so to start out, i’ll explain this con’s comic a little better! after the SNS, i stayed around for quite a while talking and meeting up with friends i haven’t seen in a long time! it was really great, until security kicked us out at about 1AM. i lamented and realized i had no one to walk back with, but the trek was only about a block away, so i figured “eyyy, what could happen in that time”

…and then about 2/3 of the way there, i thought i was being abducted by the government because of a GIGANTIC shiny black SUV that was approaching me. TURNS OUT it wasn’t the gov’t, swain was actually headed back at the same time i was! i was spotted and shouted at, and bid farewell by the band. SO I LIVED! and i told them they scared the shit outta me the following afternoon bc i thought The Man was after me and billy said i deserved to have nice things shouted at me from strange vehicles. i then died

ALSO, I DID AS I PROMISED. i got rob’s auto, brought him god’n’gabe 3, and told him in exchange i wanted to know if it was cool to get a Robert Patrick Benedict original piece. a stick rob. HE WAS SO EXCITED, THOROUGHLY AGREED, AND ONE-UPPED ME BY MAKING IT MORE THAN A STICK MAN. he also walked me through his process, said it was all in the way he adds his beard, and told me if i needed any art lessons to give him a call. i told him i was honored 

AND SPEAKING OF AWFUL THINGS, i’d heard the photographer good mr. schmelke needed to talk to me, and it was literally just to shut me down in compliment form. he insisted we take a selfie, and we proceeded to make fun of my shitty phone. and i got a swain op with @truebluecas THAT WAS A MESS. a mess. we wanted to do the End of Song Rock Jump ™ but strob couldn’t nail the jump timing. we decided on a jump on silent 3, did 3 takes, got a workout, and 3 hilarious photo prints out of it. my face, you guys. it says it all

so in as short as possible, the rest of the con was great. i asked bri about the cat that sharted on her, and got the 1st q of the koc panel! turns out a composer from spn is helping on the OST for the show YEA!! i livetweeted stephen norton messing around during the entirety of J3′s panels, but i spent about 85% of my time vending. which, btw, EVERY SINGLE BOOK SOLD OUT. so that’s incredible. and it was so great to see so many of you in person. seriously. thank you for everything.

road tripping with @neven-ebrez and @benny-la-phat was a BLAST (despite my incredibly telling and embarrassing sunburn + 3 near-death experiences i was surprisingly calm during) and i roomed with all sorts of fantastic people i’m happy to call friends now. they found out i REALLY love cake.

SORRY THIS WAS SO LONG-WINDED, but honestly, to everyone that stopped by and visited me, bought things, gave me freakin’ hAND-MADE GIFTS, OR just wanted a hug–thank you. you made this con, per usual. i hadn’t been feeling so hot lately, but i can’t deny it, none of you picked me up from it. no, you THREW me from it. i am eternally grateful!!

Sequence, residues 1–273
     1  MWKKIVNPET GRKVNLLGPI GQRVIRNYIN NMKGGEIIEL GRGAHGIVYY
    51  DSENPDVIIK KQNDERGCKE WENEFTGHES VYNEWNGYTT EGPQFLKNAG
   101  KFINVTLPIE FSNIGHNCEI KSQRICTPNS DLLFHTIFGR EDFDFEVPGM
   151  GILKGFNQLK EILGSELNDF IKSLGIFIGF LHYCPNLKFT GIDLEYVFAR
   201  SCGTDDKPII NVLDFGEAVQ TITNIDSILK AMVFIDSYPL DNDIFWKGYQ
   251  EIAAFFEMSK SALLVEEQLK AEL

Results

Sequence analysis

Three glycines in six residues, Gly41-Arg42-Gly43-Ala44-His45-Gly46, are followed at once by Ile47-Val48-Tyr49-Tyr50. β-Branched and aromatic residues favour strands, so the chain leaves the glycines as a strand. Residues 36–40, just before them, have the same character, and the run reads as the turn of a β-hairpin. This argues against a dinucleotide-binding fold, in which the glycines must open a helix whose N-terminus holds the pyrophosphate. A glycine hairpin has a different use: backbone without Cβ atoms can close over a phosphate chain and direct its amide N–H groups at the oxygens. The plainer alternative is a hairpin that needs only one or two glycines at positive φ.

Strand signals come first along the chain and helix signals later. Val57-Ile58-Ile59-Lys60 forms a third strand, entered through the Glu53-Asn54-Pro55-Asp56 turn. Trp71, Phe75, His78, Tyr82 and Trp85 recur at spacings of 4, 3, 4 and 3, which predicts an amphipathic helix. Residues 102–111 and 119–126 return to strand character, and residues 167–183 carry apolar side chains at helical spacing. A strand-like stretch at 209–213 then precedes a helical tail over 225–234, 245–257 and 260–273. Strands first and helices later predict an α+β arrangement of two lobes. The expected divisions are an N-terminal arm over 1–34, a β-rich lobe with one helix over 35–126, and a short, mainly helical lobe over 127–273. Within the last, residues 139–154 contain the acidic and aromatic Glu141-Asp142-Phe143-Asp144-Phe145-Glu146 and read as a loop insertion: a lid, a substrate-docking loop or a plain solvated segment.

Interview: Dominique Cyprès

Today we’re joined by Dominique Cyprès. Dominique is a phenomenal writer who has dabbled with various forms including fiction and nonfiction. Their first love is poetry and they have written plenty of different kinds of poetry. They have a story in Unburied Fables, an anthology from Creative Aces. It’s obvious they’re a passionate and dedicated writer, as you’ll soon read. My thanks to them for taking the time to participate in this interview.

WORK

Please, tell us about your art.

I’ve dabbled in a lot of different sorts of writing – from fiction to creative non-fiction, poetry in both verse and prose. As someone with an overlapping interest in tech, I’ve also experimented a little with interactive fiction. I’m really interested in what new ground can still be broken with Infocom-style text adventures.

I’ve also forayed a little into video editing and stereographic photography. I’m pretty much the prototypical “jack of all trades” in that I keep trying new media and I don’t often stick with one and try to master it. In the end, though, everything seems to come back to poetry. I often find that when I’m working on fiction, or text adventures, or visual media, I’m compelled to find a way to inject poetry into that medium.

What inspires you?

My primary motivation in making art is a sort of practical mysticism; my goal is to give voice to the enormous wonder and bewilderment I feel trying to make sense of both the natural world and interpersonal interaction. As an autistic person, I often find myself in the sort of situation that Temple Grandin refers to as being “an anthropologist on Mars.” The world often seems an altogether foreign place to me, and my art (when I have the time to make it) acts essentially as fields notes on this inscrutable country.

What got you interested in your field?  Have you always wanted to be an artist?

The artistic role models who have most informed the direction I take in poetry are probably Emily Dickinson, Miyazawa Kenji (whose work I have read only in English translation), and Charles Simic. Dickinson and Miyazawa together really pulled me toward poetry as a medium in the first place, and their biographies and work share certain themes in common. Both were disabled and regarded as odd by their communities. Both expressed in their work an immense love of humanity and of nature, but wrote from a perspective of looking upon these subjects from the outside, and both wrote largely for themselves and did not manage to sell much of their work to professional publications during their lifetimes.

Simic’s influence on me comes through his seminal Pulitzer-prize winning volume The World Doesn’t End, and largely has to do with his pioneering work on the form of prose poetry, and his use of ambiguous and discordant sensory images to cultivate what poets refer to as “negative capability,” the ability to draw art out of questions that have no answers, out of confusion and non-rational thought.